Sex ratio variation and mixed pairs in roe deer: evidence for control of sex allocation?
Macdonald DW., Johnson PJ.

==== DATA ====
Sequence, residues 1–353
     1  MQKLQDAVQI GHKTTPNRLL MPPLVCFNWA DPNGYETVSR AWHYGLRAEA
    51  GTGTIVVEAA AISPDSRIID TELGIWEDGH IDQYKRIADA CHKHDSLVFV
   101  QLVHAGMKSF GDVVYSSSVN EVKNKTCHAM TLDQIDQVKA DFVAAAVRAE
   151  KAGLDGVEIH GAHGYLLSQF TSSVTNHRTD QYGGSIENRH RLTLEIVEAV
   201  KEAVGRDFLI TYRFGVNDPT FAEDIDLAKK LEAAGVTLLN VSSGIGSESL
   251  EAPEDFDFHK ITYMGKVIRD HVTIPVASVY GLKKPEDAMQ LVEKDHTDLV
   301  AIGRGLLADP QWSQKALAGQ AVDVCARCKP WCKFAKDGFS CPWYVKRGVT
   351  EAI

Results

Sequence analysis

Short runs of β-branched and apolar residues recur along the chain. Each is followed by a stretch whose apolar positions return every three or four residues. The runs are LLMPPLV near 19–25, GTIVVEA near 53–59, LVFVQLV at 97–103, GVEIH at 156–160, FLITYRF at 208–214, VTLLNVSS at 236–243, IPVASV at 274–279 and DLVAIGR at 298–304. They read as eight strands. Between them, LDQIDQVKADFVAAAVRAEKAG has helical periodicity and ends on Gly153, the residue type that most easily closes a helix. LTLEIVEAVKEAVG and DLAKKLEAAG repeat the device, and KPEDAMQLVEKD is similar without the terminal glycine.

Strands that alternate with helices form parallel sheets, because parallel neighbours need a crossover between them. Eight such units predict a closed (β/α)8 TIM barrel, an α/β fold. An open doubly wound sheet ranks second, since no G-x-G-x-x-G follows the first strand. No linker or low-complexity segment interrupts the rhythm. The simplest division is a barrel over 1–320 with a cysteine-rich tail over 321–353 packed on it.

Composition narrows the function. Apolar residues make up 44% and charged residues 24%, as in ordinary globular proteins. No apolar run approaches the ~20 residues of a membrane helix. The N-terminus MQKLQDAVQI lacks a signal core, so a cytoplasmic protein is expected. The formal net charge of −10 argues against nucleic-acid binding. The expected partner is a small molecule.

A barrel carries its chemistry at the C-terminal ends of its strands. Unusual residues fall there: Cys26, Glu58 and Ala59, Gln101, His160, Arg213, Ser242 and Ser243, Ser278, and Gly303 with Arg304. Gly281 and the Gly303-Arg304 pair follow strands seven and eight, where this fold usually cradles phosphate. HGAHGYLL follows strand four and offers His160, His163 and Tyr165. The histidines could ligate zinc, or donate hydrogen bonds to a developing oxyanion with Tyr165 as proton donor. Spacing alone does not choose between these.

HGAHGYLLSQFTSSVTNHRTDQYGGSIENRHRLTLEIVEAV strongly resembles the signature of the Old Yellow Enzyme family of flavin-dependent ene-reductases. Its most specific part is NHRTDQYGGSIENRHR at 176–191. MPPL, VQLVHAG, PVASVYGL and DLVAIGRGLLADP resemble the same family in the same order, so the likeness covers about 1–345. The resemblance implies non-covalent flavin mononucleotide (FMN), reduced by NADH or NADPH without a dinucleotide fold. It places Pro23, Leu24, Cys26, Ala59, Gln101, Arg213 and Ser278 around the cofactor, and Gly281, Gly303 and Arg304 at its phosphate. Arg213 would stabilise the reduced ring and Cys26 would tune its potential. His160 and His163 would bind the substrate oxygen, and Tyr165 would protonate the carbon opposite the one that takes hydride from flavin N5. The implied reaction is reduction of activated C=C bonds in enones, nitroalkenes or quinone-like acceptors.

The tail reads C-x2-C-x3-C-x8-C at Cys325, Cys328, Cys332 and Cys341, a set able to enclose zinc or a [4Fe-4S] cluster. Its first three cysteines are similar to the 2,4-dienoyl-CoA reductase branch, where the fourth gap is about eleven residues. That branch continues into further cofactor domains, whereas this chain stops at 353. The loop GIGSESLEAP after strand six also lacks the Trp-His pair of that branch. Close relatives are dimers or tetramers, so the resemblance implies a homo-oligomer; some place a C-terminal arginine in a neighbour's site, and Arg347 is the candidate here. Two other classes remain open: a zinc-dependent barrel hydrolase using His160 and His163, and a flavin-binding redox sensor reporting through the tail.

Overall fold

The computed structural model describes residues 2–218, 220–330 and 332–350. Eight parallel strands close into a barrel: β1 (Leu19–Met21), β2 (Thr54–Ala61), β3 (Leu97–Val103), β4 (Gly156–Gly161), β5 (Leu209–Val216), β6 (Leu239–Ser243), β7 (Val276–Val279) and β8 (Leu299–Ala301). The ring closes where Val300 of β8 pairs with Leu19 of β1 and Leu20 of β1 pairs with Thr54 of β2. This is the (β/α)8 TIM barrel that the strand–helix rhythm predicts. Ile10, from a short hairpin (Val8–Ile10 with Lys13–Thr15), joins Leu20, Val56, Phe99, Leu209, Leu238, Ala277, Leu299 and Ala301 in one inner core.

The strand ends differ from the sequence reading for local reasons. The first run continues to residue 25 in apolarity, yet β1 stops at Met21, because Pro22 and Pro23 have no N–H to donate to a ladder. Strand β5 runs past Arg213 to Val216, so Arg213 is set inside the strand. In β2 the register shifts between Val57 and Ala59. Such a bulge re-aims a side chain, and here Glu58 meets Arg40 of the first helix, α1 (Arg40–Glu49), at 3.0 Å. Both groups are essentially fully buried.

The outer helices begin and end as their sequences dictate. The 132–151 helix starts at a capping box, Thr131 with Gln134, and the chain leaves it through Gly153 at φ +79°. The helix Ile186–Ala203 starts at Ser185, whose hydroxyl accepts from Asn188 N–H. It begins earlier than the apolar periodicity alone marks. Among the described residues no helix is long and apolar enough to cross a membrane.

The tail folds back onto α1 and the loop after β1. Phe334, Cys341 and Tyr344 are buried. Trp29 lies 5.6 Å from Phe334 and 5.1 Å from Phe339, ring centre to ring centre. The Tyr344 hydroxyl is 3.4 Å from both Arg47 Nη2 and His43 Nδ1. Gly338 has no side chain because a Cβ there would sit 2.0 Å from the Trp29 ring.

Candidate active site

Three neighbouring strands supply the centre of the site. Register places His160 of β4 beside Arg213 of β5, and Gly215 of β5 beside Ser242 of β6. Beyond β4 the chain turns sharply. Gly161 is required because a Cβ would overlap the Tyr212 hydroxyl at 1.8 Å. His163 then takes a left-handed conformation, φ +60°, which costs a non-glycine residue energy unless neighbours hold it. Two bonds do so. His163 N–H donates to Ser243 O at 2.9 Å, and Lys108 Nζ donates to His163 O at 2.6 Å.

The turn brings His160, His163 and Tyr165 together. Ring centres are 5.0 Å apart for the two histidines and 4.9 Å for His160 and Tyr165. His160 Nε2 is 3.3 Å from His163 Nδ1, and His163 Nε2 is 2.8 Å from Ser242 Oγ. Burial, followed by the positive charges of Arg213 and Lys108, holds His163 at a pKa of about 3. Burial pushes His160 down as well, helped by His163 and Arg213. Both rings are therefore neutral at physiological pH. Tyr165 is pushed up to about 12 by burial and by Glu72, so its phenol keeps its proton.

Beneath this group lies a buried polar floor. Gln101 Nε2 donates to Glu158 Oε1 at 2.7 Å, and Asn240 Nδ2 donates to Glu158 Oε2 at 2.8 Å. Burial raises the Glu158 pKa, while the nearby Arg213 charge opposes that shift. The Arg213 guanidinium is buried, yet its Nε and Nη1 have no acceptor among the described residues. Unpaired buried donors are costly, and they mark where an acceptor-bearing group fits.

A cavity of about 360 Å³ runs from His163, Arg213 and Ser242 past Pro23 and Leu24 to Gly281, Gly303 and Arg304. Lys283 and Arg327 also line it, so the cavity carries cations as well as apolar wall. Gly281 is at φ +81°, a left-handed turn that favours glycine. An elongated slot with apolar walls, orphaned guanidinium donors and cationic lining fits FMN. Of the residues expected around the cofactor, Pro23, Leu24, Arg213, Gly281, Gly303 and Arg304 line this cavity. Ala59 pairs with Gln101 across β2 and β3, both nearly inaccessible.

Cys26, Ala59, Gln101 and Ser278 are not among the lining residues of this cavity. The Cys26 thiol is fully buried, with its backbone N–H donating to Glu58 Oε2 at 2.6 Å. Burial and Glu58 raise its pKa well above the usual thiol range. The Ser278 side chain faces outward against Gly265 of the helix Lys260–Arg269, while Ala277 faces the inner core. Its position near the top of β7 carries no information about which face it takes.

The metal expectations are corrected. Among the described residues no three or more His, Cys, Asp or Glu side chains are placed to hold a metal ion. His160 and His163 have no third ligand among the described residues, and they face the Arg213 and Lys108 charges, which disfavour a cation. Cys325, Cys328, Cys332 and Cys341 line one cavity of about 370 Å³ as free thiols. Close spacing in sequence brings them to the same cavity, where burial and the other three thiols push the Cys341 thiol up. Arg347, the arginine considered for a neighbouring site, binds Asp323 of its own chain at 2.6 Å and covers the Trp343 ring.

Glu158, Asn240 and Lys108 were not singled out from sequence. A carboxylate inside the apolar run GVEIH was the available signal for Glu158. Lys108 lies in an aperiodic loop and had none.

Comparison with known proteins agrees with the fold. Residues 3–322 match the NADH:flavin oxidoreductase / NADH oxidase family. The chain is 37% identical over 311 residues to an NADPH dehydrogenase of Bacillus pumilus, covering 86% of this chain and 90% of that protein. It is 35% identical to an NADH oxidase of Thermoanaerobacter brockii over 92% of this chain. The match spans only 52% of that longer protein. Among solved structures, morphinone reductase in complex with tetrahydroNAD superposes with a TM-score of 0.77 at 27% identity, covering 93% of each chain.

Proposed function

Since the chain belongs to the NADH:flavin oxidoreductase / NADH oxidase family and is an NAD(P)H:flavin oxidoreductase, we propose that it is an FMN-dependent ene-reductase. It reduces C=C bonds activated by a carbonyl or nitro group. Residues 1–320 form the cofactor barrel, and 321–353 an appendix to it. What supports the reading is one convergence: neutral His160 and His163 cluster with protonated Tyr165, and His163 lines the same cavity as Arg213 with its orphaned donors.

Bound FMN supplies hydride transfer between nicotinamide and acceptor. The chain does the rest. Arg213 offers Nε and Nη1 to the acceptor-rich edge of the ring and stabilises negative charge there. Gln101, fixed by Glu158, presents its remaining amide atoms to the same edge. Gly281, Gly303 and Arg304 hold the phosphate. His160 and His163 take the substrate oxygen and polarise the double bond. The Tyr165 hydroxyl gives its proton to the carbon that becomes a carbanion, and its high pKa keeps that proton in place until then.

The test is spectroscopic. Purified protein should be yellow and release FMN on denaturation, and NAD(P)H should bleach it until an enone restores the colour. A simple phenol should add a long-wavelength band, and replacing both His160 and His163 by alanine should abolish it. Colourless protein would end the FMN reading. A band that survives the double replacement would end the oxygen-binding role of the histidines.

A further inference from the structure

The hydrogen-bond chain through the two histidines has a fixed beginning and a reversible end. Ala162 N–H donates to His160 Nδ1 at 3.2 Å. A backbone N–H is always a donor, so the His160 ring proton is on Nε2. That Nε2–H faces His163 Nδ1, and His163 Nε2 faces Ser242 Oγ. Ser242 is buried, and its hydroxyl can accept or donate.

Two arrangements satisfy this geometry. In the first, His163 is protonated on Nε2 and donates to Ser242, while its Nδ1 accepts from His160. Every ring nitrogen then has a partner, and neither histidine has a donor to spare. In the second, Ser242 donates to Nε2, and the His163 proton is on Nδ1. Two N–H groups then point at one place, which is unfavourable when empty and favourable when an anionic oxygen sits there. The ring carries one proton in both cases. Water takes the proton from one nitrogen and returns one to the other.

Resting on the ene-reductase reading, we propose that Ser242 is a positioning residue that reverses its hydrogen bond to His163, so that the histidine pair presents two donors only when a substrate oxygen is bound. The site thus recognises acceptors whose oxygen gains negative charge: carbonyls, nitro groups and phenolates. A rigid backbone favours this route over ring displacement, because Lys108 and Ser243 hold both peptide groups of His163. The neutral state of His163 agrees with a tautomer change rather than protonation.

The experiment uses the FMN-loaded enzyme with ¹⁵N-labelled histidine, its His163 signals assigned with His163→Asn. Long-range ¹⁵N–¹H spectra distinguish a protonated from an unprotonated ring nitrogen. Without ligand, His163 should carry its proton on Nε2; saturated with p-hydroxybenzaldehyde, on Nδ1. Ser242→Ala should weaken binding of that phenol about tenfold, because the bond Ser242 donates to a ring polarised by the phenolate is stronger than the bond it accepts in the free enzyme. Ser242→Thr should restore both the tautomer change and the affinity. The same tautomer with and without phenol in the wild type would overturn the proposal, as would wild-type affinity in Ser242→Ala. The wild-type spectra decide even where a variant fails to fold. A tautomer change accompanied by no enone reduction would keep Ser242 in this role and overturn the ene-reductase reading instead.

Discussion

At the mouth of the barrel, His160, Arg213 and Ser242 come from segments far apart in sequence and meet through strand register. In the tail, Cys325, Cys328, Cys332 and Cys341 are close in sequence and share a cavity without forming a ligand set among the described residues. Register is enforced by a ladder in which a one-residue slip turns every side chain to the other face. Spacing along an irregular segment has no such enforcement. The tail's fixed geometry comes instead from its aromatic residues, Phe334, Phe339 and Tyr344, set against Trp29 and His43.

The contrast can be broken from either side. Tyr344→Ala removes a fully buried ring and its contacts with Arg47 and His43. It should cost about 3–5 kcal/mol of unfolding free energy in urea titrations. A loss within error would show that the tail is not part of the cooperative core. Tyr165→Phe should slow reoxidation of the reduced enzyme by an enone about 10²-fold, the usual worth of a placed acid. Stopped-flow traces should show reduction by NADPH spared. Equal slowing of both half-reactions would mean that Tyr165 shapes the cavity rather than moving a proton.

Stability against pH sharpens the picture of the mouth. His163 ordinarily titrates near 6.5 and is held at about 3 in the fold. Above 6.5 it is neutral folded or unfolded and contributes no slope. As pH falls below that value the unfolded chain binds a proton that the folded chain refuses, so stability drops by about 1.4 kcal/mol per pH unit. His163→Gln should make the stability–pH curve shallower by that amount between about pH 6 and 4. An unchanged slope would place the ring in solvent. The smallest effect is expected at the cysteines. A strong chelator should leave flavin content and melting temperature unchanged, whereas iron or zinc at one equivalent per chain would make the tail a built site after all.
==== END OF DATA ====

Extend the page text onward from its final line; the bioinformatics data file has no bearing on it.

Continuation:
Sex allocation has provided rich ground for the development of evolutionary theory. The dominant models in vertebrates have provided predictions of sex ratio based on asymmetry in variance in breeding success between sexes in the breeding system, and the relative effect of local competition. In ungulates, empirical work has provided some support for these models, but has also generated apparently contradictory observations. Recent models have provided some predictions for both individual and population sex ratio, showing that the availability of high-quality habitat patches and dispersal rates can critically affect both population- and individual-level expectations. We explore patterns in offspring sex ratio among a large sample of roe deer, a species with some interesting aspects of the breeding system. We found that in singleton pregnancies (the minority) there was an excess of male embryos, which was more marked in does in good condition at most sites. While the sex ratio among twins was close to parity, and unaffected either by average condition among populations or by individual condition within populations, we observed a clear excess of mixed pregnancies (sub-binomial variance, SBV). The excess was greater where the average condition was high. Within sites, population changes in average condition were associated with changes in SBV: in populations declining in condition, SBV also declined. There was no tendency for mixed twins to be more likely in individuals in better condition within a population. We conclude that condition-dependent allocation of sex does occur in roe deer. We suggest that in these "income breeders", mixed pairs might offer the greatest opportunity to optimize maternal investment during lactation, when conditions will be unpredictable, and that this is increasingly the case when average condition is poor.